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[ Kirstine Roepstorff ]



Kirstine Roepstorff

Revitalizing collage by pushing the medium into the realm of painting and installation, Kirstine Roepstorff creates complex works that explore politics, consumerism, and desire. Using appropriated images and materials such as fabric, glitter, and foil, she combines figurative and abstract fragments to construct dynamic, poetic pictures. Roepstorff calls her experimental process "approprio-arranging," and in her hands, the result is a kaleidoscopic mix of form and content.

Although the Danish-born, Berlin-based artist first began exhibiting work in the mid-'90s, she broke out after graduating from the Royal Academy of Fine Arts in Copenhagen in 2001. London's Saatchi Gallery boasts two Roepstorff works from 2002 — You Are Being Lied To and Hidden Truth — displaying a motif common in her practice: the conflict between man and nature. Roepstorff's 2004 exhibition at Copenhagen's Galleri Christina Wilson, The Queen of Diamonds, further exploited that theme while metaphorically transforming the diamond into a visual instrument for viewing the political, aesthetic, and moral values of our mediated world.

Roepstorff's multimedia image-making is often contextualized within the framework of contemporary sociopolitical issues, as with her inclusion in the 2005 traveling group show Populism. But the artist also forays into the abstract; her 2006 solo show at Peres Projects in Berlin featured pictures, dominated by pattern and decoration, that explored "the absence of the present." However, Roepstorff returns to the body politic in It's Not the Eye of the Needle that Changed, a new series of work co-presented by Peres Projects in Los Angeles and New York's Drawing Center. Confident in her craft and bold in her concepts, Roepstorff challenges the viewer to look deeply into her refractive mirror.  - Paul Laster

It's Not the Eye of the Needle that Changed runs at the Drawing Center through February 7; the counterpart exhibition at LA's Peres Projects closed December 22, but Roepstorff's work is on view in the group exhibition Read My Lips at Peres Projects in Berlin through February 23.



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[ Marnie Weber ]


     

Marnie Weber

Los Angeles-based artist Marnie Weber makes genre-defying work. Her flights of eccentric fancy are part costume drama, part opera, and part film and photography; but the organizing principle of her art is collage. Artkrush contributing editor Shana Nys Dambrot asked Weber for a peek behind the curtain and talked to the artist about her use of disparate sources, visual idioms, and experiences, and her love for the crafted object.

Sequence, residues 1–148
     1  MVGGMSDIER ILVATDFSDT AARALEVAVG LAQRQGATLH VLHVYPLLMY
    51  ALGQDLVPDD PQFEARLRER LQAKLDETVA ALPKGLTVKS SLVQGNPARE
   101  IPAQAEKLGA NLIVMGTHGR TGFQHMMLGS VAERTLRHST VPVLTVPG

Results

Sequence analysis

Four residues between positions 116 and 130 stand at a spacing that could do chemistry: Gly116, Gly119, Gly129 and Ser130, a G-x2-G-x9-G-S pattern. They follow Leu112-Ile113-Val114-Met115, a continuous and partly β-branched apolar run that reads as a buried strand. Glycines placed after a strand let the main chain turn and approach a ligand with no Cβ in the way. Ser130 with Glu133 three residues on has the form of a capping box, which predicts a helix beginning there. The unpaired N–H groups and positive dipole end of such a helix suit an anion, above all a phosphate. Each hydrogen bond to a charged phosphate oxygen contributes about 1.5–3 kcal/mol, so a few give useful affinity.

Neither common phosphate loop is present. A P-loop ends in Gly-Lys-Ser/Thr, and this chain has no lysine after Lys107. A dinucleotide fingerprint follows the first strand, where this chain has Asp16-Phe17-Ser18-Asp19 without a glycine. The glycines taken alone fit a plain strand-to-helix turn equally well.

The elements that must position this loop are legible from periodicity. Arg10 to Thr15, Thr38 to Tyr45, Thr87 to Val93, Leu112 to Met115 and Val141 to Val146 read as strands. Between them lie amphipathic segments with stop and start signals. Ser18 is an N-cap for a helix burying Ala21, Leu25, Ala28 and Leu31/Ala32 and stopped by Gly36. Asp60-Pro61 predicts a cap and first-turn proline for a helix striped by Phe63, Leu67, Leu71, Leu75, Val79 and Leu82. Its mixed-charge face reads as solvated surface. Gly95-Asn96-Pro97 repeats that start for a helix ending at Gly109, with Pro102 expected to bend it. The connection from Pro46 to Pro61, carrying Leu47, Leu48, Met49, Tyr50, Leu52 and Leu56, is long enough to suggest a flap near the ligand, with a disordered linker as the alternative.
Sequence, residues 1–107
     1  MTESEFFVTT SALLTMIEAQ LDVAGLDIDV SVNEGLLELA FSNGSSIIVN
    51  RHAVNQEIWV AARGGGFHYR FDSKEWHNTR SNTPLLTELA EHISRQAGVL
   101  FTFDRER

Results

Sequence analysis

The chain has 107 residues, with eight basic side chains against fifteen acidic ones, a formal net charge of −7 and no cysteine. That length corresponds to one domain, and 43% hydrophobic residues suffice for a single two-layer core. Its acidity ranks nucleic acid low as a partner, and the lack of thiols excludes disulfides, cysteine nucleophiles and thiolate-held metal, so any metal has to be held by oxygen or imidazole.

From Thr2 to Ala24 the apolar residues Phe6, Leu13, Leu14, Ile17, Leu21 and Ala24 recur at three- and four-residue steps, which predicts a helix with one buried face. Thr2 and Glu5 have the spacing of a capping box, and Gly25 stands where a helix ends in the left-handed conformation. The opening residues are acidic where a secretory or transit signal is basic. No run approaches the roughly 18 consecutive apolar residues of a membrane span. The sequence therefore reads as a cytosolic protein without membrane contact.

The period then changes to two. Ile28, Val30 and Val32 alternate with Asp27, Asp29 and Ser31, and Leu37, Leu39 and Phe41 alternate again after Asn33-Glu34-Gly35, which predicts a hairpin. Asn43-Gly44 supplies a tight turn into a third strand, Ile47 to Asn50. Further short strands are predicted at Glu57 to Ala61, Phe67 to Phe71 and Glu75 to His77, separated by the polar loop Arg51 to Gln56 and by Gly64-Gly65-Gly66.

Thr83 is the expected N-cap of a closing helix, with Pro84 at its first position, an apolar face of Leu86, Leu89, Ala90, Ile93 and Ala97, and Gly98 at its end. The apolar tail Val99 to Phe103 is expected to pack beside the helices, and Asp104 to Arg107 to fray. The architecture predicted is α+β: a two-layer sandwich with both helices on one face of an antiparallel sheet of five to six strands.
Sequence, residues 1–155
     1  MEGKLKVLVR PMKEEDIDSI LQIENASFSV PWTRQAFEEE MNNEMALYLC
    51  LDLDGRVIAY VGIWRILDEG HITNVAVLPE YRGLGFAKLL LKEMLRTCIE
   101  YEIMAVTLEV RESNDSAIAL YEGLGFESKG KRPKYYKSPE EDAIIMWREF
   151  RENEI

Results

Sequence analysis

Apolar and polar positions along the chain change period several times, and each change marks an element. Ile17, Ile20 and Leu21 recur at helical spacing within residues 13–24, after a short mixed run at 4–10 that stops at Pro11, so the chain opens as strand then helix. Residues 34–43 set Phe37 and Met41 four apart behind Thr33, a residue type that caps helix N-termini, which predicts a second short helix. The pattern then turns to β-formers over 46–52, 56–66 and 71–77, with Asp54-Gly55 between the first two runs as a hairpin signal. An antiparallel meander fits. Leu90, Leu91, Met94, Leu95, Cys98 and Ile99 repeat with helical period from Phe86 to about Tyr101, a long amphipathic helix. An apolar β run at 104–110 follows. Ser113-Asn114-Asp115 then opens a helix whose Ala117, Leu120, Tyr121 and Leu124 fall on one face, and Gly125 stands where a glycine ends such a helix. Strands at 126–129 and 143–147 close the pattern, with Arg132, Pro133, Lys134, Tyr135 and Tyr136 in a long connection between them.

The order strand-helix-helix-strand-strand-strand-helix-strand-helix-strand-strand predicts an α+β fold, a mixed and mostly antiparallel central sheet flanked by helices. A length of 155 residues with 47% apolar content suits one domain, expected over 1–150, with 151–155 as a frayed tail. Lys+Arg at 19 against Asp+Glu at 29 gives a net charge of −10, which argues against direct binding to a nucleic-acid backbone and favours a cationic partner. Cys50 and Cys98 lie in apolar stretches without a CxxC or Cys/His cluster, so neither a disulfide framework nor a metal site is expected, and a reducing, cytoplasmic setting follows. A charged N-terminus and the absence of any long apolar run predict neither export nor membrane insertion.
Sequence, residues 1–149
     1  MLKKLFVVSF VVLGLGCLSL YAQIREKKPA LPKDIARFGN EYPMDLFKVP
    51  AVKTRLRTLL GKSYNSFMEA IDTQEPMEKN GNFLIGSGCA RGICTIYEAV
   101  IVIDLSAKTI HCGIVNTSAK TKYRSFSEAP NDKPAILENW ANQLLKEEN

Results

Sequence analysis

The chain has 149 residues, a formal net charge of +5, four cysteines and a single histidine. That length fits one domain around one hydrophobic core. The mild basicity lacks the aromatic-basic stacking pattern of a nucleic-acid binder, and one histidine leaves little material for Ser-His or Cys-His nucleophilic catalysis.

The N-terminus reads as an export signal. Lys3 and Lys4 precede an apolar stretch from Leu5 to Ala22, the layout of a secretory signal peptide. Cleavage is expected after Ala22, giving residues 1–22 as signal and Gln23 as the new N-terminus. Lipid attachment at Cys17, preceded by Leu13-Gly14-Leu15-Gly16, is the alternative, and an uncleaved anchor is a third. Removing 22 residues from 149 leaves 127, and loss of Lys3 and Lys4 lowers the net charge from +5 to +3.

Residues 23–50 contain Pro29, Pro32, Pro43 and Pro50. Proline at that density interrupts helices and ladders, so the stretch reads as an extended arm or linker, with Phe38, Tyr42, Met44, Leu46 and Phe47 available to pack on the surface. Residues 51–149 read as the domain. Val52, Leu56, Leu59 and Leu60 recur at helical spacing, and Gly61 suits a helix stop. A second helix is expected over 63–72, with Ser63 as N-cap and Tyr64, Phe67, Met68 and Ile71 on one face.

AK: What was your first approach to collage?

MW: My early years were spent making limited-edition records of my music, for which each cover was a different collage. I would do hundreds of these, using found paper materials and women cut out of men's skin magazines. I did three releases of a hundred records each. That was a real boot camp for collage-making; it honed my skills and taught me that collage isn't about throwing things together, but being specific about imagery and combining elements to create psychological metaphors. For me, it's also about storytelling and theatrical narrative. Those early collages, although interesting visually, lacked the operatic drama that I try to achieve now — but that was when I began to view all my other work as figuratively collaged together. The music was a lyrical, sort of arty pop, but since I was recording it myself at home on a reel-to-reel 8-track, I thought of it as a form of collage as well. My performances would feature props and costumes pieced together from thrift stores, homemade video backdrops, and music and absurdist spoken word between the characters. Collage was the perfect approach to express my homegrown, DIY sensibility.

I still try to carry on with that homemade aesthetic, even though I have assistants and the theatrical productions have gotten larger. When you look at the costumes, you can see the loving craftsmanship that goes into making them. That's also true with my collages. Every piece is hand cut and glued by me. Nothing is rephotographed or reprinted, so every collage is unique. The only print editions I do are stills from my films. I really want to show that the collages are labors of love, with that feeling of reverence that can only come across through the human touch.

AK: When did you first become interested in using original photography as a major element of your collages?

keep reading the interview »


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  Because Washington Is Hollywood for Ugly People
Kenneth Tin-Kin Hung
tinkin.com

A master of cut-and-paste, Kenneth Tin-Kin Hung creates savvy, supersaturated media works; his past projects include illustrations for WIRED magazine and the album cover of Felix da Housecat's Devin Dazzle & the Neon Fever. Hung's 2007 video Because Washington Is Hollywood for Ugly People takes a satirical look at American politics and pop culture, beginning with a "2008 Residential Erection Dance Off," in which the recent round of presidential candidates — including a cheerleading John McCain and a three-headed Hillary Clinton robot — strut their stuff in the Oval Office. Because Washington then rollercoasters through the past decade, mixing celebrity with conflict as the Statue of Liberty flips the bird to the huddled masses, Osama bin Laden is martyred on a cross, and Karl Rove craps out a blundering Condoleezza Rice. It's a dizzying but riveting ride, filled with Hung's outrageous imagery, MC Paul Barman's sarcastic narration, and John Blue's scene-setting music.  - Paul Laster

Because Washington Is Hollywood for Ugly People is part of Rhizome.org's online exhibition Montage: Unmonumental Online, which runs from February 15 through March 23.



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Cover Art
Fred Tomaselli
Glassy, 2006
Mixed media, acrylic, and resin on wood panel
12 x 12 in./ 30.5 x 30.5 cm
Courtesy James Cohan Gallery, New York
All Rights Reserved